The 83-year-old farms the vacant lots around his home in east Bibb County’s Kings Park neighborhood, keeping down the weeds, watering the plants and getting rid of pests.

Neglect can be ugly, as evidenced by other abandoned lots around him.

The yard of the boarded-up house across the street nearly hides its forgotten facade.

Removing dilapidated, vandalized and burned-out buildings might breathe new life into the subdivision that sparkled with new houses in the early 1970s.

But demolition of even the worst eyesores mires into months of legal wrangling.

In the year since The Telegraph launched “The House Next Door” project to highlight the blight epidemic across Macon-Bibb County, the list of problem properties has grown.

Although government officials have yet to uproot the worst of the worst, its leaders are plowing the ground to try to turn the neighborhood around.


Lurlean Rhodes has been trying to get something done about her street for months.

She brought it up at a neighborhood association meeting and spoke up at a meeting Mayor Robert Reichert held at the East Macon gym.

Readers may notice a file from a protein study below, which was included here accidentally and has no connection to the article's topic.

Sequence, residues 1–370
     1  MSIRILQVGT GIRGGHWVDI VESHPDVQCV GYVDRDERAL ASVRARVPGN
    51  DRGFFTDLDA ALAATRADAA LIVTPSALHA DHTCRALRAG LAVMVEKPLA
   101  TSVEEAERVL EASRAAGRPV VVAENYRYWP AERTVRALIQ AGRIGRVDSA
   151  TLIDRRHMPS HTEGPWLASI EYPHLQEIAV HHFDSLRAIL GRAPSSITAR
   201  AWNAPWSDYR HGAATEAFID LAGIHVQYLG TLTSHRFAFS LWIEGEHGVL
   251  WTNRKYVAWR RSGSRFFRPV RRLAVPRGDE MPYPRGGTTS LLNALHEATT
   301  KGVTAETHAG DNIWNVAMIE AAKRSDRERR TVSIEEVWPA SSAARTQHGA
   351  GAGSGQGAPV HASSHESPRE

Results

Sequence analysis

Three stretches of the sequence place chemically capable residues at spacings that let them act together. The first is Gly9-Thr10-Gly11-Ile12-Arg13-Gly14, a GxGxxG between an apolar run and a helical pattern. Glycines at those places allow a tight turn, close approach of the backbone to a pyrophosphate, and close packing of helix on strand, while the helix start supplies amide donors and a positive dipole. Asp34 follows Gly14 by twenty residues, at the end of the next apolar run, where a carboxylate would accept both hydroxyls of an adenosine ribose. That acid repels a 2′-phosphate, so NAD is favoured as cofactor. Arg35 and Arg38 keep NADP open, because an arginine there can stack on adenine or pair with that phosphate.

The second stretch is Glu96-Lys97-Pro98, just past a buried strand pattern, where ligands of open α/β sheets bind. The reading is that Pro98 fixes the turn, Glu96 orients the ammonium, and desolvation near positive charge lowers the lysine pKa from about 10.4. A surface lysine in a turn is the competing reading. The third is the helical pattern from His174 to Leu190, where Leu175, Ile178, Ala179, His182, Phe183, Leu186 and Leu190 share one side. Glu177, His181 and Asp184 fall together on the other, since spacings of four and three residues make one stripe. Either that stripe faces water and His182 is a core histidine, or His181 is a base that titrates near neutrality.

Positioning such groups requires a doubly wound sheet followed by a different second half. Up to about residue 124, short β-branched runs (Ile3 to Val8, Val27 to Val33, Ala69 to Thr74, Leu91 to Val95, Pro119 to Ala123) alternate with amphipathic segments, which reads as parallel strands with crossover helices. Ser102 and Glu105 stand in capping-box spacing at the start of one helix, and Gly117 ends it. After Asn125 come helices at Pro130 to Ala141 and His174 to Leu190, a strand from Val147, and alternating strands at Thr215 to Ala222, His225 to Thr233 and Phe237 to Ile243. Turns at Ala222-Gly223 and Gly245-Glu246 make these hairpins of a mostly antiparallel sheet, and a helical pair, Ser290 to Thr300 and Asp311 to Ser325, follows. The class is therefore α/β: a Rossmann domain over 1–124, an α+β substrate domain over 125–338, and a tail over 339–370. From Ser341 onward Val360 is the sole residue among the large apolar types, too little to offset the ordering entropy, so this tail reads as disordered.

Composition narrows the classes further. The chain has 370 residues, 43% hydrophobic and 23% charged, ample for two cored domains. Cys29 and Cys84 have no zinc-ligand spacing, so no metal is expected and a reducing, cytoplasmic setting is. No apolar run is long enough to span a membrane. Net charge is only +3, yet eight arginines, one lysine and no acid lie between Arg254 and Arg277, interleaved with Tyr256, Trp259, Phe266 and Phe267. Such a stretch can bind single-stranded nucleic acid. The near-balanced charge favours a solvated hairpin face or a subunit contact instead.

Last month, the morning after an evening shower, Rhodes was chatting in lawn chairs with neighbors Richard and Sharon Finney.

Water was puddled along the curb once again, but she did not appear to be upset about it. Crews had been out to cut away asphalt to improve drainage during the county’s 5X5 project, a neighborhood improvement initiative that targets five-block areas for five weeks of concentrated work.

“It made me feel much better because they did try to help me out to keep that from puddling,” Rhodes said. “They tried to fix it where it would drain. They really did, but it still puddles some.”

Beginning in mid-July, Macon-Bibb workers spent five weeks there, making repairs, sprucing up public property and enhancing the neighborhood’s community center and park.

Richard Finney, who remembers when ball fields were built at the park, doesn’t think enough is being done.

“These politicians need to stop being politicians and do something,” he said.

In the community’s glory days, that new park kept him from walking all the way from the neighborhood near Masseyville Road to Drake’s Field near Davis Homes, or to a practice lot in Baconsfield where the Kroger supermarket is now.

“Been a lot of changes,” he said.

Things were different when he was growing up, living down the street from his grandmother. He lives in her house now after coming back home from the military.